Boarding schools: then and now

Then: Children as young as seven are put on trains to spend whole terms away from home with only a mid-term exeat.

Now: Pupils enjoy flexi-boarding, unlimited parental visits, weekends at home, and parents are in frequent contact with boarding house staff.

Then: Pupils write and receive letters from parents, schools censor the miserable bits. Large queues form behind the only house phone.

Now: Pupils text, phone, and skype parents.

Then: The housemaster is a figure of fear, matrons are draconian.

Now: Housemasters – and all house staff – are professionally trained in pastoral care; every school has to provide an “independent listener” whom pupils can contact independently of school.

Then: Prefects possess power to discipline younger children – resulting in horrific incidents of bullying and abuse.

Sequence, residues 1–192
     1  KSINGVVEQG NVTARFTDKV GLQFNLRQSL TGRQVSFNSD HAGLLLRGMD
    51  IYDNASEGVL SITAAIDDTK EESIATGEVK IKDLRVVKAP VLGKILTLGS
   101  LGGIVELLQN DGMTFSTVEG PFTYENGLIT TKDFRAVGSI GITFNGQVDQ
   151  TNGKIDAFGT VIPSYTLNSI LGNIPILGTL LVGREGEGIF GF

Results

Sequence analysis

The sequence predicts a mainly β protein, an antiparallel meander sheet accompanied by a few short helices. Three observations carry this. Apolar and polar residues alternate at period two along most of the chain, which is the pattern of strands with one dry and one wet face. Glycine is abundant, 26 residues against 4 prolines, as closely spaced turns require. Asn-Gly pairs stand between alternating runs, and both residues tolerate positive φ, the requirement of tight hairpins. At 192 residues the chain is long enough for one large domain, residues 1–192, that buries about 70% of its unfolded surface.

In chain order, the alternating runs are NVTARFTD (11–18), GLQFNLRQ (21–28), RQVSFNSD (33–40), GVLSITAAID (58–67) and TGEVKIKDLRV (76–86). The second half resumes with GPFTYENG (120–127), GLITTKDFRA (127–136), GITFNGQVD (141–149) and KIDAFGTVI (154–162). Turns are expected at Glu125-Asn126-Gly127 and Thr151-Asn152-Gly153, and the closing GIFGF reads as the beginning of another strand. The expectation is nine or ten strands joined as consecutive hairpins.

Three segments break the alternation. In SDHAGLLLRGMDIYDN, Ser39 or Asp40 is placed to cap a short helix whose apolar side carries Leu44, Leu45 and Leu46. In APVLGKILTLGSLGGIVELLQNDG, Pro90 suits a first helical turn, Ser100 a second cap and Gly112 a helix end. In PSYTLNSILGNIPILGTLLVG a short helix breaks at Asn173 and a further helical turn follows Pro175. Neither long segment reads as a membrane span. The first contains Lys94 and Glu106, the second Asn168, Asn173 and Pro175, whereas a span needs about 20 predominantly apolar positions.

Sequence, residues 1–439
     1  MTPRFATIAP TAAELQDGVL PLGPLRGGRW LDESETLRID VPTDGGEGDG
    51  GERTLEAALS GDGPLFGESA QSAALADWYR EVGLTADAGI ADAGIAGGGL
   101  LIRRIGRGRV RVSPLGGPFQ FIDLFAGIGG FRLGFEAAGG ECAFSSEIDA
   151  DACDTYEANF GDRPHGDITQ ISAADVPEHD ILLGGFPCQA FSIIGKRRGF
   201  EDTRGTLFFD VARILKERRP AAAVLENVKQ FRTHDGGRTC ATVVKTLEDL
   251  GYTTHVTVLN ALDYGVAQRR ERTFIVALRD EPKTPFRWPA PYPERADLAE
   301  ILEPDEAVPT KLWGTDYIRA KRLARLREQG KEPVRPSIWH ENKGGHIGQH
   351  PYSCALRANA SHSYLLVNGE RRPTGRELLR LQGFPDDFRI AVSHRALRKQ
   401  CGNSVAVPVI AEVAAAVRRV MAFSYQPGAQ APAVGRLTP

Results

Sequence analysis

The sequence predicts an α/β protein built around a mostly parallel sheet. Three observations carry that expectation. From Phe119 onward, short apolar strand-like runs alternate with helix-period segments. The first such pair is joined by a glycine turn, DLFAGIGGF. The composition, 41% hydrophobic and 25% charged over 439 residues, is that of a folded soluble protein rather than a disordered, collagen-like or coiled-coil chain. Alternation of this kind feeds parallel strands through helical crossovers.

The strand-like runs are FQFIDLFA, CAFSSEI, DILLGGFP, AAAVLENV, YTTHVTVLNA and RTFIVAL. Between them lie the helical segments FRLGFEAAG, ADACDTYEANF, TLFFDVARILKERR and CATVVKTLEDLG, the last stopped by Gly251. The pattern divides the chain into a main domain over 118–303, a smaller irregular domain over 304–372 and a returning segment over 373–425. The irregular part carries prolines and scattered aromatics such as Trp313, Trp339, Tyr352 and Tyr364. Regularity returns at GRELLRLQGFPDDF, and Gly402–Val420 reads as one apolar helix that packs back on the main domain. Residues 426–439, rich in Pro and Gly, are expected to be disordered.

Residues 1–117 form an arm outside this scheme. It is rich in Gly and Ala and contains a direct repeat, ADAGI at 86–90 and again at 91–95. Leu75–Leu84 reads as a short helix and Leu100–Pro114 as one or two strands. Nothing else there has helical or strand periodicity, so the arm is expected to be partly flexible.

Now: Hierarchies have been broken down; prefects no longer have authority over younger pupils – they are encouraged to be listening ears and role models and are more likely to be found organising a game of capture the flag.

Then: Lumpy mattresses, large draughty dormitories, cold, distant communal showers.

Now: Refurbished comfy rooms for fewer pupils, shared en-suite bathrooms, common rooms with sofas and games consoles.

Then: Cavernous school gym halls with a few bars, mats and ropes.

Now: State-of-the-art sport complexes.

Then: Breakfast: porridge, lunch: meat stew, jam roly poly, supper: sausage and chips, bread and butter, no vegetarian option.

Now: Breakfast: Croissants, cereal, kippers and bacon, lunch: BBQ spare ribs with wedges and sour cream, banoffee cheesecake; supper roasts, vegetarian options and a salad bar.

Then: Pupils mainly from British well-to-do and expat families.

Now: Around 33 per cent of boarders are non-British pupils with parents living overseas. Pupils at independent schools are becoming more diverse with 28 per cent of children from ethnic minorities. Twenty one per cent of Etonians are on bursaries of 60 per cent or more, 63 pupils pay nothing.